results in decreased wearer functionality. Over-designed PPE creates hazards

just as under-designed PPE does and can lead to issues such as increased

likelihood of heat stress or entrapment of first responders.

Are there situations where a total encapsulating NFPA 1991 suit is

still needed for protection?

Yes. Totally encapsulating NFPA 1991 certified suits have utility in responses

involving direct contact with pressurized liquids and pressurized vapors,

particularly as may occur at chest level or higher, such as might occur in

the mitigation of broken chemical lines. However, there are many more

situations where a non-encapsulating suit certified to NFPA 1994 Class 1

offers appropriate protection. This is particularly true for missions not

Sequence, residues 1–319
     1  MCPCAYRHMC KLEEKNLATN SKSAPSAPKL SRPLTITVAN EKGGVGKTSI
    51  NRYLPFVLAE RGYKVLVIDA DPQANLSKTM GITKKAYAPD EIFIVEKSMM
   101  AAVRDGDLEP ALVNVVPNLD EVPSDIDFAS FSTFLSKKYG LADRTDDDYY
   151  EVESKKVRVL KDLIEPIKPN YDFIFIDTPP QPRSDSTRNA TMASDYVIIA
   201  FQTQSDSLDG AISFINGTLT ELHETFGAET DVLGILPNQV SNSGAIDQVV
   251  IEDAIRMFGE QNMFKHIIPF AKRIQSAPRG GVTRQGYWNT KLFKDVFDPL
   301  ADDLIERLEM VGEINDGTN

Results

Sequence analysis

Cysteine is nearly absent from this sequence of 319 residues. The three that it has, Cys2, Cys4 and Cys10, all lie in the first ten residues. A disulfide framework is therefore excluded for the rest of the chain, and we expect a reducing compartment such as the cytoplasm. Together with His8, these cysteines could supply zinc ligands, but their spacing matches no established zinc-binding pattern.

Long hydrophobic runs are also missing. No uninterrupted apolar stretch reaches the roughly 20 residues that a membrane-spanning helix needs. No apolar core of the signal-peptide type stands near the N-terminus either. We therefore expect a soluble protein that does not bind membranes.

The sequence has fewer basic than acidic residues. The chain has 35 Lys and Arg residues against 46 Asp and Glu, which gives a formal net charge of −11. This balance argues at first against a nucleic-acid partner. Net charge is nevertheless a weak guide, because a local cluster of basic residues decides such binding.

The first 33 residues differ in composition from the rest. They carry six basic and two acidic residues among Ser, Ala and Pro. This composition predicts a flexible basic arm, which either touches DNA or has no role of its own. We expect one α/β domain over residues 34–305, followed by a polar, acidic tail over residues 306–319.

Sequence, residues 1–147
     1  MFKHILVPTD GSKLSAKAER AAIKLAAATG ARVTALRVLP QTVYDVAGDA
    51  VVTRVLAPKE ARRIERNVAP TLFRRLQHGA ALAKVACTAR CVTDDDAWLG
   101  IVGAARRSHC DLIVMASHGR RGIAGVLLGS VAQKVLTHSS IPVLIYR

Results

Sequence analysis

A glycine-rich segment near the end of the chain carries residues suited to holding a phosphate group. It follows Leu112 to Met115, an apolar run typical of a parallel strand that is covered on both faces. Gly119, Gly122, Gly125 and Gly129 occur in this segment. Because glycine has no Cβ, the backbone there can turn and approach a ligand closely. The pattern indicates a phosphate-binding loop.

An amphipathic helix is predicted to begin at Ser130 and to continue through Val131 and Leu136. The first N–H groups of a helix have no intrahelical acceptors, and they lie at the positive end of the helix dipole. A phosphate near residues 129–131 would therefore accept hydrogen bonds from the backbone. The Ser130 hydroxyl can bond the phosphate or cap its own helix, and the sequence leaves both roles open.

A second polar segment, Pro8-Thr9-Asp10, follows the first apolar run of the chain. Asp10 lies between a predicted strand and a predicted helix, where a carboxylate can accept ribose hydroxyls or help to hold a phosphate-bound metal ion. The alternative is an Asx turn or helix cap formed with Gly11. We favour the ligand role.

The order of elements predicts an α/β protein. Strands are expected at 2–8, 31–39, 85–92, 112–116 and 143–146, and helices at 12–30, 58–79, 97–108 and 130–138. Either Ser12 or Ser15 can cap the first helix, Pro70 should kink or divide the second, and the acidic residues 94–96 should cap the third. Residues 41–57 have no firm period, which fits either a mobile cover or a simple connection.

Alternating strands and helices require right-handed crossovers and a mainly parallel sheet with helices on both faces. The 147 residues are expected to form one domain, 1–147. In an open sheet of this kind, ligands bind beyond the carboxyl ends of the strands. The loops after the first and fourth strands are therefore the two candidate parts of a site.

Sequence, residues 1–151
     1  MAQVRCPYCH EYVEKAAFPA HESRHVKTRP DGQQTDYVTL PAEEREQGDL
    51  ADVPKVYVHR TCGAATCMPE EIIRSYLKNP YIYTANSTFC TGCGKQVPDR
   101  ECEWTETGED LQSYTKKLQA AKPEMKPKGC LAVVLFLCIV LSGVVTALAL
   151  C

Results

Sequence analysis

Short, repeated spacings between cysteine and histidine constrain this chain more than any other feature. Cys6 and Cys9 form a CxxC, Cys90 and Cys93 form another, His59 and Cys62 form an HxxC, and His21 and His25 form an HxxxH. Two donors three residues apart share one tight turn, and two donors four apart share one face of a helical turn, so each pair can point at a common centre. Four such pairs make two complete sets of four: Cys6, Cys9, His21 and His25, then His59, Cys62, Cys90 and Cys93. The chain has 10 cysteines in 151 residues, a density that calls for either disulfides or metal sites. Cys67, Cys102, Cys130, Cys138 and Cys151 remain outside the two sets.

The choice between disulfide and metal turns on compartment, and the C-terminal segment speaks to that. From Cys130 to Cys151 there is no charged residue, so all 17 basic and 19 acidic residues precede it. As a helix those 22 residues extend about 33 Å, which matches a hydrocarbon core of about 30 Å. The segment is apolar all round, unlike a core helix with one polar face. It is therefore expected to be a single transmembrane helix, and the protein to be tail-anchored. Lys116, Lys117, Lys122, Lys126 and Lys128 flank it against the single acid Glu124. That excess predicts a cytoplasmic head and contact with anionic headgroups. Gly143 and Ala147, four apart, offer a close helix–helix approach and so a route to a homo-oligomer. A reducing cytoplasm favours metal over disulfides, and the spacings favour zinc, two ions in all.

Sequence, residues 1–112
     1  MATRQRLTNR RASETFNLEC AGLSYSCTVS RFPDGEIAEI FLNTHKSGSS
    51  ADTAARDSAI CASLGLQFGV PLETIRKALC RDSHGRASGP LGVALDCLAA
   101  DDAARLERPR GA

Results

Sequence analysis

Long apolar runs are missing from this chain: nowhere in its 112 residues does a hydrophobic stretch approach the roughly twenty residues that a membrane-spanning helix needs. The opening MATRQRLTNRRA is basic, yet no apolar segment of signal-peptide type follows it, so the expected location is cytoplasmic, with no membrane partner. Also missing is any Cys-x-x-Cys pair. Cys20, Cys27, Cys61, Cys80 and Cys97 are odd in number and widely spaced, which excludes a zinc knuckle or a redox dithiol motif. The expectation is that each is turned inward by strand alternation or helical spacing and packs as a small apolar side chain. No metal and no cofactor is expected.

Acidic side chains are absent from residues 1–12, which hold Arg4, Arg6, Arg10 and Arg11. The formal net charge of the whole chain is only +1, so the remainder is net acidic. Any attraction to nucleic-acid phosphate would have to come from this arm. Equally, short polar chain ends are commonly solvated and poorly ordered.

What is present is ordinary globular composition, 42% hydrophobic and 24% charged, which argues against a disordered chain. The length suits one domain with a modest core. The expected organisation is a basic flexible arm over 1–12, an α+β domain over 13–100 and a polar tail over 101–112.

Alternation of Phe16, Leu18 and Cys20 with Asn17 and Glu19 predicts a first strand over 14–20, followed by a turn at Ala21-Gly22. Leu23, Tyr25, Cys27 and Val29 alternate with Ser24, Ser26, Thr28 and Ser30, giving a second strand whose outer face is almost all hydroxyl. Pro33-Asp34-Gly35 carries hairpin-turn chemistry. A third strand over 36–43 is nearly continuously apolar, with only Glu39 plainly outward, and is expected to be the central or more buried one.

involving direct contact with pressurized hazardous materials and where

there is the need for greater maneuverability and physical challenges present

in non-line of site rescue for chlorine or ammonia gas environments and

during urban search and rescue missions.

Is there substantial value for more form-fitting, greater functional

high-end protective ensembles?

Yes. Physical restrictions in movement, hand function, vision, hearing,

and loss of comfort all limit first responders during hazardous chemical

responses. In most cases, these limitations create more likely risks to first

responders than exposure to hazardous materials. In some types of missions,

first responders require a high level of functionality in order to carry out

specific tasks and missions. The balance of protective performance

with functionality and other human factors (e.g., thermal comfort) is a key

consideration in the selection of appropriate PPE for hazardous materials


Has research been performed on the effects of chemicals on the

SCBA and its components?

Yes. Intertek Testing Services, one of the independent organizations that